First of all, the crews work in shifts, so there have to be two or three times as many men as are needed at any instant to operate the ship. Second of all, some of the extra men are there for emergencies. Ships routinely carry more crew than absolutely necessary so as to have extra capacity when things go sour.
posted by Chocolate Pickle at 1:13 PM on April 20, 2013

Don't forget standing watch. Smaller vessels and wooden ships don't show up well on radar, so you need eyes scanning the horizon all the time. Falling asleep or getting drunk or otherwise failing to stand your watch is a big, big deal.

Also, the pragmatic answer to your question is, often there aren't a lot of people on the ship. Especially in the merchant marine, there's a tendency to understaff ships. I had a conversation with an able seaman recently who told me stories of piloting his ship for thirty hours straight because there was no relief available.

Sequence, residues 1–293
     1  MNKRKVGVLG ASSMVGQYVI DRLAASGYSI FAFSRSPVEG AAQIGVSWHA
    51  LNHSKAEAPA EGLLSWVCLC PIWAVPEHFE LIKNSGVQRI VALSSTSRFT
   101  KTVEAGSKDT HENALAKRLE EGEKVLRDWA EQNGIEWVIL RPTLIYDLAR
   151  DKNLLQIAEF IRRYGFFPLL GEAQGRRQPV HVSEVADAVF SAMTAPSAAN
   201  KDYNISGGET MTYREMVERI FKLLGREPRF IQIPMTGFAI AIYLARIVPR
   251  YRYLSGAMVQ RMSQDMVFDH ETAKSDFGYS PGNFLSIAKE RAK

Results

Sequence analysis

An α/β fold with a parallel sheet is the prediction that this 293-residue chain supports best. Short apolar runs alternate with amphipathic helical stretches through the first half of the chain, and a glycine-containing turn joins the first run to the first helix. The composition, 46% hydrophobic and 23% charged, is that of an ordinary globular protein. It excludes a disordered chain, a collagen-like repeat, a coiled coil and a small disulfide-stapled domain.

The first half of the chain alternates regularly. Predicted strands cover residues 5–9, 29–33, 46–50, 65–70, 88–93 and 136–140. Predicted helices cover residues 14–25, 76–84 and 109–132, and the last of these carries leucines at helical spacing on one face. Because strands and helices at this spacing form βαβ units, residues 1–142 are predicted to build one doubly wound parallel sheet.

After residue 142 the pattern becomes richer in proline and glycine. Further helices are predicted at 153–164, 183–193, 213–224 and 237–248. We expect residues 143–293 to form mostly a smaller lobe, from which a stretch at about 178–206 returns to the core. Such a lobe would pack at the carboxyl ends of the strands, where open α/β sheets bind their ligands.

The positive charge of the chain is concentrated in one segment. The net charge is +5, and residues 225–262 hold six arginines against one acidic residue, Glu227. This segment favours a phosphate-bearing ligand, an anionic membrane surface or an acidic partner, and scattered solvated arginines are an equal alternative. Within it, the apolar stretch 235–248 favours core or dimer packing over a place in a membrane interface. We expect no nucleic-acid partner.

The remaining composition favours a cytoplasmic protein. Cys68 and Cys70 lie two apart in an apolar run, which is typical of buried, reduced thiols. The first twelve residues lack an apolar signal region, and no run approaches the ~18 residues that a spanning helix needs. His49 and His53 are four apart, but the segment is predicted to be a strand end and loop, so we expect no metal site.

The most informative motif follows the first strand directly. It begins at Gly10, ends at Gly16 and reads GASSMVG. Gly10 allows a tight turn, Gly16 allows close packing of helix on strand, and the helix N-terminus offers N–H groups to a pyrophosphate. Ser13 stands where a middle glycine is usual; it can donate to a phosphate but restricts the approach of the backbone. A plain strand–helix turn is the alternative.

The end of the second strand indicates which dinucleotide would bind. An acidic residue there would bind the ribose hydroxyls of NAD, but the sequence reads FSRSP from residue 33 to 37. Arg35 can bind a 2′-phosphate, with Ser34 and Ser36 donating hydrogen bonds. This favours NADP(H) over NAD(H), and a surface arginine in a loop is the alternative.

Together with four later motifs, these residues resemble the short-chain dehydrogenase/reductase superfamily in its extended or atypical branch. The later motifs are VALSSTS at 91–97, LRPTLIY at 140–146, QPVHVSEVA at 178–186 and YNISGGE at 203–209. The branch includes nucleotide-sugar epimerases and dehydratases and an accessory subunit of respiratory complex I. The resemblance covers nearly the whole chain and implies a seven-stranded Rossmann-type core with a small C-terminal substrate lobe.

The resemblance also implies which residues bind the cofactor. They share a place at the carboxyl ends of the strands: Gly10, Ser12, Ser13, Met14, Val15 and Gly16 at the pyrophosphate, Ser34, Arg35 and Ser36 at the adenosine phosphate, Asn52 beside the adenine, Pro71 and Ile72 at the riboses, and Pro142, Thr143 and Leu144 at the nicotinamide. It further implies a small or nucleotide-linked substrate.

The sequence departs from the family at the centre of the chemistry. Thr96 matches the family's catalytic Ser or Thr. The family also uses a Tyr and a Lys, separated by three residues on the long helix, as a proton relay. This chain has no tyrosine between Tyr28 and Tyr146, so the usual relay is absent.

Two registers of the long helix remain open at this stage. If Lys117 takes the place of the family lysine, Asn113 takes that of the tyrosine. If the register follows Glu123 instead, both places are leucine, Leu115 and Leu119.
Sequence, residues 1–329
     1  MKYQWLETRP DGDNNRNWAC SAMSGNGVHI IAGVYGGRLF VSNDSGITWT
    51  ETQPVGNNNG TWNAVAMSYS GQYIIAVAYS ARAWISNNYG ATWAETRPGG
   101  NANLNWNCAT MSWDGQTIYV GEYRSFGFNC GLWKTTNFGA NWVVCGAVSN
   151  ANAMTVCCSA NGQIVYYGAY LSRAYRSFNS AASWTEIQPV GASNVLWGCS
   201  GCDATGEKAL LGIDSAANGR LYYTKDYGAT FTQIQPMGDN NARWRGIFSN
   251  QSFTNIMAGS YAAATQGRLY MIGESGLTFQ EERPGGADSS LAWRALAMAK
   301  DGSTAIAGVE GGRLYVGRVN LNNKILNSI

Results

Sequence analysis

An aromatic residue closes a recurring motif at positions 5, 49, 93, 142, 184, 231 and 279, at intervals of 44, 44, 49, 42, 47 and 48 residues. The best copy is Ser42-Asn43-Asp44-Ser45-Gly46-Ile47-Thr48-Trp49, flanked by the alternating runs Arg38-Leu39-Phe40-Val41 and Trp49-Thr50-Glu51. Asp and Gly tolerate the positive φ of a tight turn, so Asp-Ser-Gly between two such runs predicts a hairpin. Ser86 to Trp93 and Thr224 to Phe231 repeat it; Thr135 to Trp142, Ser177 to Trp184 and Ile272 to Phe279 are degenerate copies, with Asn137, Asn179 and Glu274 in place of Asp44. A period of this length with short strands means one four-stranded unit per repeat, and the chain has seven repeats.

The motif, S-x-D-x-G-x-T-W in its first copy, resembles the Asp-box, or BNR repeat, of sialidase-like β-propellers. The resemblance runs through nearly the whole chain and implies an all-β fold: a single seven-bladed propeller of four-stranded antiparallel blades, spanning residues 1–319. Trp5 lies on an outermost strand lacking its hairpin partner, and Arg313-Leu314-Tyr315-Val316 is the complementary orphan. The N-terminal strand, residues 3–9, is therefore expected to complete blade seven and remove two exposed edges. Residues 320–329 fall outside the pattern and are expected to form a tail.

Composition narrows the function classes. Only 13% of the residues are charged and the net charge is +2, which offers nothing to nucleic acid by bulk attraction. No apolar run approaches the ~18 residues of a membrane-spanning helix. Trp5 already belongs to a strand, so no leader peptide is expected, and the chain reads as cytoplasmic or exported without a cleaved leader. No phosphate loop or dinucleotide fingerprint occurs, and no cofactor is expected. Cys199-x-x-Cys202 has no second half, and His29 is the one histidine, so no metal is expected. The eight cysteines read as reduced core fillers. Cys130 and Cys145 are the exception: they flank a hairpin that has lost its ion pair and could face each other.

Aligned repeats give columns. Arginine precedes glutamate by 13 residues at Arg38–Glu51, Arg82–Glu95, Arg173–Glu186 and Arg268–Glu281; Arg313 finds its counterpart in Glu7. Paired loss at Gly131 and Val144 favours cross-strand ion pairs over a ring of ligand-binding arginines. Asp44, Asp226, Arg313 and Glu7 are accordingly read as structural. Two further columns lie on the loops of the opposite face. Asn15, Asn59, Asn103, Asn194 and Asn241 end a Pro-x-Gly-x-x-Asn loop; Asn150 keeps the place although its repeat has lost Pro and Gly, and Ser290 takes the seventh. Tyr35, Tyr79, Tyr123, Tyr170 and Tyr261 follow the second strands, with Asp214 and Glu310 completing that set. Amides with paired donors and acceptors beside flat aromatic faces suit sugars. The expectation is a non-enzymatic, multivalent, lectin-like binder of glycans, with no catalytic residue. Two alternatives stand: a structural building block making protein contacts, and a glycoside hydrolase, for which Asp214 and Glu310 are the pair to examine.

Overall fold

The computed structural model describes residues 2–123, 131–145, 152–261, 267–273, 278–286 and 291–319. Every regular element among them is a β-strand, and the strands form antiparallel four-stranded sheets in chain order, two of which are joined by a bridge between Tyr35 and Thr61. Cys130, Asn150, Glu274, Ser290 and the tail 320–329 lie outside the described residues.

posted by d. z. wang at 3:20 PM on April 20, 2013

Oh, also, not all the ships sailing around today are manufactured to modern standards and with all the modern automation. You can keep a ship going for decades, especially if you flag it at some shady place that doesn't take its safety inspections too seriously. (Or, if you only sail it in fresh water: the oldest cargo ship on the Great Lakes was launched in 1912.) This able seaman I was talking to had just come off a coal-fired steamship. I didn't even know such things still sailed.
posted by d. z. wang at 4:37 PM on April 20, 2013

Another Wikipedia page: Seafarer's professions and ranks.

I'm not sure whether you're interested in day-to-day life on ship, but I'll throw in this random link I found, a free e-book: A Guide to Professional and Personal Well-Being of Seafarers on Ships.
posted by MonkeyToes at 6:42 PM on April 20, 2013 [1 favorite]

One other thing to keep in mind is that ships don't generally get sent to a workshop somewhere to get their engines etc serviced [unless there's a major malfunction]. All of the routine servicing is done without taking the ship out of service - i.e. either while running or while in port.
posted by HiroProtagonist at 8:44 PM on April 22, 2013